15q11-13

Research image of presynapses on sensory neurons in fruit flies.
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UBE3A’s link to synaptic pruning bolstered by fly study

Increasing or reducing the levels of the UBE3A gene, which is associated with autism and autism-related syndromes, results in altered patterns of synaptic pruning — a process that snips away brain cell connections.

By Giorgia Guglielmi
28 September 2023 | 5 min read
Illustration of a sheet of red and white pills, with the red pills arranged in the form of a question mark.

Trials test utility of EEG biomarkers for autism-related conditions

This month’s Going on Trial newsletter dives into an electroencephalography biomarker that could track the efficacy of treatments for dup15q and Angelman syndromes, among other drug development news.

By Calli McMurray
31 August 2023 | 7 min read
Jeremy Veenstra-VanderWeele looks directly into the camera with a calm expression in a close up shot.
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Swings and misses with Jeremy Veenstra-VanderWeele

A careful clinician who prizes evidence, Jeremy Veenstra-VanderWeele is happy to embrace trial failures, as long as he learns from them.

By Peter Hess
30 May 2023 | 13 min read
Research diagram of brains viewed from overhead and in profile.

Brain signatures of rare variants hint at cardiovascular risk

People whose brains look like those of people who carry autism-linked copy number variants also share markers of heart health.

By Laura Dattaro
24 March 2023 | 4 min read

Single gene insufficient to account for dup15q, Angelman traits

UBE3A, a key gene associated with both autism-linked conditions, can explain most — but not all — of the syndromes’ atypical neuronal properties.

By Angie Voyles Askham
21 March 2023 | 6 min read
Research image showing the presence of several proteins in neurons.

Protein networks identified in autism-linked genetic deletion

The OTUD7A gene, which may account for some traits in people missing a segment of chromosome 15, appears to interact with several known autism-linked genes.

By Jef Akst
28 February 2023 | 6 min read
Illustration of multipolar neurons.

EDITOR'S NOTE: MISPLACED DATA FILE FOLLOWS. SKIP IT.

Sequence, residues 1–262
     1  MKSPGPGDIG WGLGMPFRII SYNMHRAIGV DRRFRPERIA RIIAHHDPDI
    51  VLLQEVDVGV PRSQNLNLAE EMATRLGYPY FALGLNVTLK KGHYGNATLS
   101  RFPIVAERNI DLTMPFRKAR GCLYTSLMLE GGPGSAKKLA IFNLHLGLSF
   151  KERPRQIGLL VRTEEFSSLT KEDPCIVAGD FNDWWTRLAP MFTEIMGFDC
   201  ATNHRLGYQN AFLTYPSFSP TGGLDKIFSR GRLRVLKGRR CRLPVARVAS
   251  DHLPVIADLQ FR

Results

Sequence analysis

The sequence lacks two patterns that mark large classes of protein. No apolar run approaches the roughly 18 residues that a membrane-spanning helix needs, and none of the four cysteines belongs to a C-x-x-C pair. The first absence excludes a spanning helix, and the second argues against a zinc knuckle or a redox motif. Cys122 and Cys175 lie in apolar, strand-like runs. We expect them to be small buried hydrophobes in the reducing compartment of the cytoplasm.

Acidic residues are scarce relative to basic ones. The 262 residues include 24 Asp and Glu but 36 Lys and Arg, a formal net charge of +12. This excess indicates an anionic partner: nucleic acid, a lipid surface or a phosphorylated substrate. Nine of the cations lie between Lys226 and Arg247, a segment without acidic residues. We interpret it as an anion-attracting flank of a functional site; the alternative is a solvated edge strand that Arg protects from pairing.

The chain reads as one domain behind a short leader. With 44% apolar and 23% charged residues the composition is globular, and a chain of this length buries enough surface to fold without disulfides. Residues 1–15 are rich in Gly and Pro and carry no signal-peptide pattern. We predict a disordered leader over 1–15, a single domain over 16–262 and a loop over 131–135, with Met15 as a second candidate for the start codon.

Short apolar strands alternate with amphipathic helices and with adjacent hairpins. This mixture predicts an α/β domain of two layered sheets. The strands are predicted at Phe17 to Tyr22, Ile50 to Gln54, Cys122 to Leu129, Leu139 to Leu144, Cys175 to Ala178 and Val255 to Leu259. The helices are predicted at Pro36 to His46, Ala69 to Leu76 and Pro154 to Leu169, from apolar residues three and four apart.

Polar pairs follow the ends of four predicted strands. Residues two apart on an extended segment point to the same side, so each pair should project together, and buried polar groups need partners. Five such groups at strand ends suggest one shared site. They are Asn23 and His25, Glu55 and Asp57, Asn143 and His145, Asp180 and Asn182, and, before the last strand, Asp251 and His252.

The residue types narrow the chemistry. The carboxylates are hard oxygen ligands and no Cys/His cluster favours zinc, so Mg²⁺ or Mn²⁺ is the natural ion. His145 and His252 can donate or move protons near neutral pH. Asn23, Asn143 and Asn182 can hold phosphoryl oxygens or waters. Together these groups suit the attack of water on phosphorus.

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Consistent, convergent pathways link two forms of autism

People with dup15q syndrome and those with idiopathic autism have similar patterns of altered gene expression in early brain development and later in life.

By Angie Voyles Askham
15 November 2022 | 3 min read
Conceptual illustration of a door leading from one area of the brain to another area of the brain.
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Autism’s genetic heterogeneity evident in brain connectivity patterns

The results highlight the importance of subgrouping study participants based on their underlying genetics, the researchers say.

By Angie Voyles Askham
27 September 2022 | 5 min read
Conceptual illustration of chromosomal abnormalities

Lumping versus splitting with autism-linked variants: A conversation with Vanessa Vogel-Farley and Yssa DeWoody

Researchers have long studied subgroups of people who share genetic variants, but the newly formed ‘CNV Commission’ is also looking at people with shared traits across different neurodevelopmental conditions.

By Peter Hess
22 August 2022 | 5 min read

Autism and the complete human genome: Q&A with Evan Eichler

Scientists have at last filled in the missing gaps — an advance likely to inform every aspect of autism genetics research, Eichler says.

By Charles Q. Choi
10 May 2022 | 8 min read

Explore more from The Transmitter

Portrait of Kaspar Podgorski standing in his lab wearing a helmet with a climbing rope over his shoulder.

Climbing to new heights: Q&A with Kaspar Podgorski

The optical physiologist tracks neural computations inside the lab and scales sheer rock faces outside—even after a life-changing fall.

By Elissa Welle
21 June 2024 | 8 min read
Research illustration groups genes by their effects on brain cell types.

Giant analysis reveals how autism-linked genes affect brain cell types

Genes that predispose people to autism account for a large portion of the neuronal and glial cell changes seen in those with the condition.

By Charles Q. Choi
20 June 2024 | 5 min read

Widely used calcium imaging protocol can lead to spurious results, new paper cautions

The technique, which measures calcium currents as a proxy for neuronal firing, sometimes reports unusual and potentially misleading waves of activity in the hippocampus.

By Angie Voyles Askham
19 June 2024 | 0 min watch